Amidst Furniture Brands‘ Chapter 11 bankruptcy filing and a slew of other filings and information coming out since Monday comes this tidbit: The company had asked investment bank Goldman Sachs to look into the possibility of selling its business in 2011.
Goldman Sachs contacted more than 15 potential candidates, but apparently none were interested. The reason? According to Furniture Brands’ chief financial officer Vance Johnston in a declaration, “potential purchasers expressed concern over potential legacy pension liability and/or only desired to acquire discrete assets of the company.”
Furniture Brand’s pension liability is about $200 million.
“It later became clear that an out-of-court solution to the debtors liquidity issue would not be available,” Johnston said.
In the two years since that time, it only got worse for Furniture Brands.
In August, it hired a team of restructuring attorneys and advisers, and it didn’t take long for them to determine this:
After considering all available options, (Furniture Brands) determined that pressing liquidity constraints resulting from decreased sales, burdensome long-term debt obligations and legacy person liabilities was impeding (our) ability to implement successful operational imporovents and participate in out-of-court restructuring.
While Oaktree Capital Management has made an offer to buy most of Furniture Brands’s assets for $166 million, Furniture Brands received two other offers, including a group that had provided earlier credit facilities as well as an unnamed third-party. But Furniture Brands picked Oaktree bacause it felt it provided more liquidity, more flexibility and better terms.
Still, other higher bids could still come for Furniture Brands assets – excluding Lane.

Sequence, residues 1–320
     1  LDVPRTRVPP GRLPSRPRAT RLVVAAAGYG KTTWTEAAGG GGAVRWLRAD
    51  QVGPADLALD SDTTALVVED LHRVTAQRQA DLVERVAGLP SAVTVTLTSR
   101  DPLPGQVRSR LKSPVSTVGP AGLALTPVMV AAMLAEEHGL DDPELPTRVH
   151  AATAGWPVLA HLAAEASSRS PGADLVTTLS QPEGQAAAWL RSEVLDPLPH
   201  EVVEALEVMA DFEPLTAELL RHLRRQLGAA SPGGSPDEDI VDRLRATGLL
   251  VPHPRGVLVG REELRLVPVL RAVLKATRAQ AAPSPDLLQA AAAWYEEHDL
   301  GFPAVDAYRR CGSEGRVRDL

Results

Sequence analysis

In Johnston’s declaration, he said Furniture Brands expects to sell Lane within 30 days and the rest of the company’s assets within 140 days.
Hindsight is always 20/20, but Furniture Brands could considered other proposals.
In 2008, Sun Capital made an offer to buy Furniture Brands at a “premium” offering $14 to $16 a share. Even after securing some seats on Furniture Brands’ board in a proxy battle, Sun was unable to convince the company to accept its offer.
Sun said it was “extremely concerned” about Furniture Brands’ restructuring efforts, and said the company was over-leveraged. When Sun made its offer, Furniture Brands’ market capitalization was about $675 million.
Furniture Brands said it was concerned about Sun’s uneven performance in other furniture industry acquisitions. It also said Sun’s portfolio at the time also included industry competitors.
Prior to Sun’s offer, in late 2007, Samson Holdings of Hong Kong, which then owned some 13 percent of the company’s shares, had inquired about a merger of some kind. Samson is one of China’s largest furniture conglomerates. That offer, obviously, was rebuffed as well.
Any restructuring moves don’t seem to have worked:
• Since 2008, Furniture Brands’ performance has been abysmal. In 2008-2009, the company lost a combined $524 million.
• Losses since then: $109 million in 2009, $39 million in 2010, $43 million in 2011 and $47 million last year.
• Shareholders’ equity in 2008 was $366 million; last year it had fallen to $54.8 million. Today, the shares are basically worthless.